I replied to almost every mass question I got and my "wit" made me somewhat popular. I ended up with some of the most smiled posts on the site (I exaggerate, of course) and at one time I even had more than 500 followers on what was otherwise a very small site. I never let this get to my head though, even if the original content and jokes I posted there were good enough for the admins to comment on them. I don't know why, but I was very creative at that point in my life. People rarely asked me questions though, and I reset my followers count on purpose more than once anyway.
I even met the first people I could open up to and consider true friends. How could I forget about D________, a very depressed guy who never stuck with a single name and went on to become a somewhat succesful manager for a certain content creator? I still talk to him, and he's told me he's in contact with a few of the friends he himself made in Formspring. Or M______? She was loved because of her cat drawings and lovely attitude. I will never forget you.
Yet it wasn't all good. Like in any community, there was drama, and very spicy drama at that. I remember how A____ faked her suicide, how M___ attention whored, and how we made fun of one british guy for dating a 14 year old (he got away with it too).
P_____ and A__, who met on Formspring and later became a couple, were among my first true friends. Later I met G_____, whom I talked to so much P_____ thought I was forgetting about him. We grew extremely close, but not even six months would pass before G_____ and I had a disagreement and went our own ways. I don't remember what happened between me and P_____ and A__, but I know A__ got mad at me for something and we stopped talking. The details of course are of no interest to you, but I can't be blamed for looking back at these meetings and failed friendships with much nostalgia, melancholy and regret.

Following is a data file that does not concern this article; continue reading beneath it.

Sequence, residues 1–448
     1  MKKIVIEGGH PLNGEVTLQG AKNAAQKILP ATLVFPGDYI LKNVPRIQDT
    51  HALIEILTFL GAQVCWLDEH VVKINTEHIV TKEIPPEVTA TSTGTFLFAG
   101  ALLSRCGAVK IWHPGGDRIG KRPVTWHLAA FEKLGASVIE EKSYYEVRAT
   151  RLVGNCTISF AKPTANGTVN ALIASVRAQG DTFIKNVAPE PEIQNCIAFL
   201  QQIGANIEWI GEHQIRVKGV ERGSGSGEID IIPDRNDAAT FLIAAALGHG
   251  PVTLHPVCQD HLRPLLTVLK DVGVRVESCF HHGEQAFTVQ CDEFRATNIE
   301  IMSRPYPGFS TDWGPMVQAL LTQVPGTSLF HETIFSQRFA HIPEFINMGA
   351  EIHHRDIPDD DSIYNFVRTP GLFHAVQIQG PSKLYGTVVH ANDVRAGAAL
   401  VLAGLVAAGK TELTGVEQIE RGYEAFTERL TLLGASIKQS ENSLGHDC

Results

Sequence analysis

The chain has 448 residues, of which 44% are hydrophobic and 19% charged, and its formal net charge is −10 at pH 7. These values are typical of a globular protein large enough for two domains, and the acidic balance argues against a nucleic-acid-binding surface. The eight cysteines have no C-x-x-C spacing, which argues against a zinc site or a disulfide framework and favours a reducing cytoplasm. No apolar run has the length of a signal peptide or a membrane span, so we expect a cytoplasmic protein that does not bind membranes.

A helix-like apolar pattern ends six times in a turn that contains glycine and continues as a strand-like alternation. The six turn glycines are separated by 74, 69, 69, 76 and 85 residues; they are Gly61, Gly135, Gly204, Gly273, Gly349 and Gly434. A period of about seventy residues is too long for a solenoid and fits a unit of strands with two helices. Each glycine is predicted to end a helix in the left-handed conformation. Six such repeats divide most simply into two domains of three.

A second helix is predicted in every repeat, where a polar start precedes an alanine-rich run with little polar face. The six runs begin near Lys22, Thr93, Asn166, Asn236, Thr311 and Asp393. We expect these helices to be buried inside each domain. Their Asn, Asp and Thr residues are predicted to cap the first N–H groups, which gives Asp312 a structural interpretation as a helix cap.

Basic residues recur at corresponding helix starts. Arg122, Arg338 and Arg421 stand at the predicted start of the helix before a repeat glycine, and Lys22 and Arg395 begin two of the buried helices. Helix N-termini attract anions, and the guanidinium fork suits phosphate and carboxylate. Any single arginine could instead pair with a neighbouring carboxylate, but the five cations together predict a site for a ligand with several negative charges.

The site wasn't very popular, by far being surpassed by its rival Q&A site Ask.fm. Ask.fm was basically the same thing, but simpler and without much of the community aspect. After more than a year using Formspring, by early 2013 most of the community I was a part of was leaving the site to join Twitter or going back to anonimity (I did the former and regret it to this day). Who knows what happened? The administration of the site was making a lot of unpopular decisions and after struggling to finance the site, in March they announced it would be closed the following month. After this, there was an Archive Team effort to save it, but the date of closure arrived and nothing happened. In May, they announced there was a deal to keep the site alive and in August it was confirmed it was saved and transferred to a new administration. They changed the name of the site to spring.me and it became a dumb site for hooking up that nobody used. So Ask.fm won in the end and is still around, but it's nowhere near as popular as it was.
Despite all the stupid drama and regret and beyond all the fun and games, it was so weird how we all met so many people just by asking questions and responding to them. Although most of the people I met there have now regrettably disappeared from my life, I'm still in contact with a few. A surprising thing, given how awful I am at staying in touch with others. Seriously, can you believe it? Connecting to people because of questions and answers? It's unbelievable.
In the age of Twitter, a sane place like Formspring is dearly missed. It was filled with actual people, without verified accounts spouting propaganda, extremists trying to rile you up, or overt advertising. Since the people were real, the interactions were real. But despite that, I don't wish for a return of Formspring. It's felt artificial every time it's been tried. My experience with Formspring is one of those things that only happen once in a lifetime, and there will never be a social network (in truth, a community) like it again.
I write this in memory of those who made that year so special. Thank you.